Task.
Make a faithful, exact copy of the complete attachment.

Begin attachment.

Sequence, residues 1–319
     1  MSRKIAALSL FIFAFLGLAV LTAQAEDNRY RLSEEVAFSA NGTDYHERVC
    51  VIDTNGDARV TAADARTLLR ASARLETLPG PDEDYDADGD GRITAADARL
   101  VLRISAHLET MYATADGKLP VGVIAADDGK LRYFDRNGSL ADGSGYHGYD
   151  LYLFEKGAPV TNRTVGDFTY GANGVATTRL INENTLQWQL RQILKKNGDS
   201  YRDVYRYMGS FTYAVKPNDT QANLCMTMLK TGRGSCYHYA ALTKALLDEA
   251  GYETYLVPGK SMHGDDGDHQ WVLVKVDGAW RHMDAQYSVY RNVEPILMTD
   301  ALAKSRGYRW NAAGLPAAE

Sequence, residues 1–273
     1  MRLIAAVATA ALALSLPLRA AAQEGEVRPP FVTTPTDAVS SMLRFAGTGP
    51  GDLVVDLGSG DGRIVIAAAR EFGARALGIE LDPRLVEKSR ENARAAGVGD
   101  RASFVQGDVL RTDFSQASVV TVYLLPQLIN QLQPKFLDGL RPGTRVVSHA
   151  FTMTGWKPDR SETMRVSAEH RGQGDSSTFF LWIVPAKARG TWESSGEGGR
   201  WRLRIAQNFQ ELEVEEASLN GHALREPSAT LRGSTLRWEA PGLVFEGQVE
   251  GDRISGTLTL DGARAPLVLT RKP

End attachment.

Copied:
Sequence, residues 1–319
     1  MSRKIAALSL FIFAFLGLAV LTAQAEDNRY RLSEEVAFSA NGTDYHERVC
    51  VIDTNGDARV TAADARTLLR ASARLETLPG PDEDYDADGD GRITAADARL
   101  VLRISAHLET MYATADGKLP VGVIAADDGK LRYFDRNGSL ADGSGYHGYD
   151  LYLFEKGAPV TNRTVGDFTY GANGVATTRL INENTLQWQL RQILKKNGDS
   201  YRDVYRYMGS FTYAVKPNDT QANLCMTMLK TGRGSCYHYA ALTKALLDEA
   251  GYETYLVPGK SMHGDDGDHQ WVLVKVDGAW RHMDAQYSVY RNVEPILMTD
   301  ALAKSRGYRW NAAGLPAAE

Sequence, residues 1–273
     1  MRLIAAVATA ALALSLPLRA AAQEGEVRPP FVTTPTDAVS SMLRFAGTGP
    51  GDLVVDLGSG DGRIVIAAAR EFGARALGIE LDPRLVEKSR ENARAAGVGD
   101  RASFVQGDVL RTDFSQASVV TVYLLPQLIN QLQPKFLDGL RPGTRVVSHA
   151  FTMTGWKPDR SETMRVSAEH RGQGDSSTFF LWIVPAKARG TWESSGEGGR
   201  WRLRIAQNFQ ELEVEEASLN GHALREPSAT LRGSTLRWEA PGLVFEGQVE
   251  GDRISGTLTL DGARAPLVLT RKP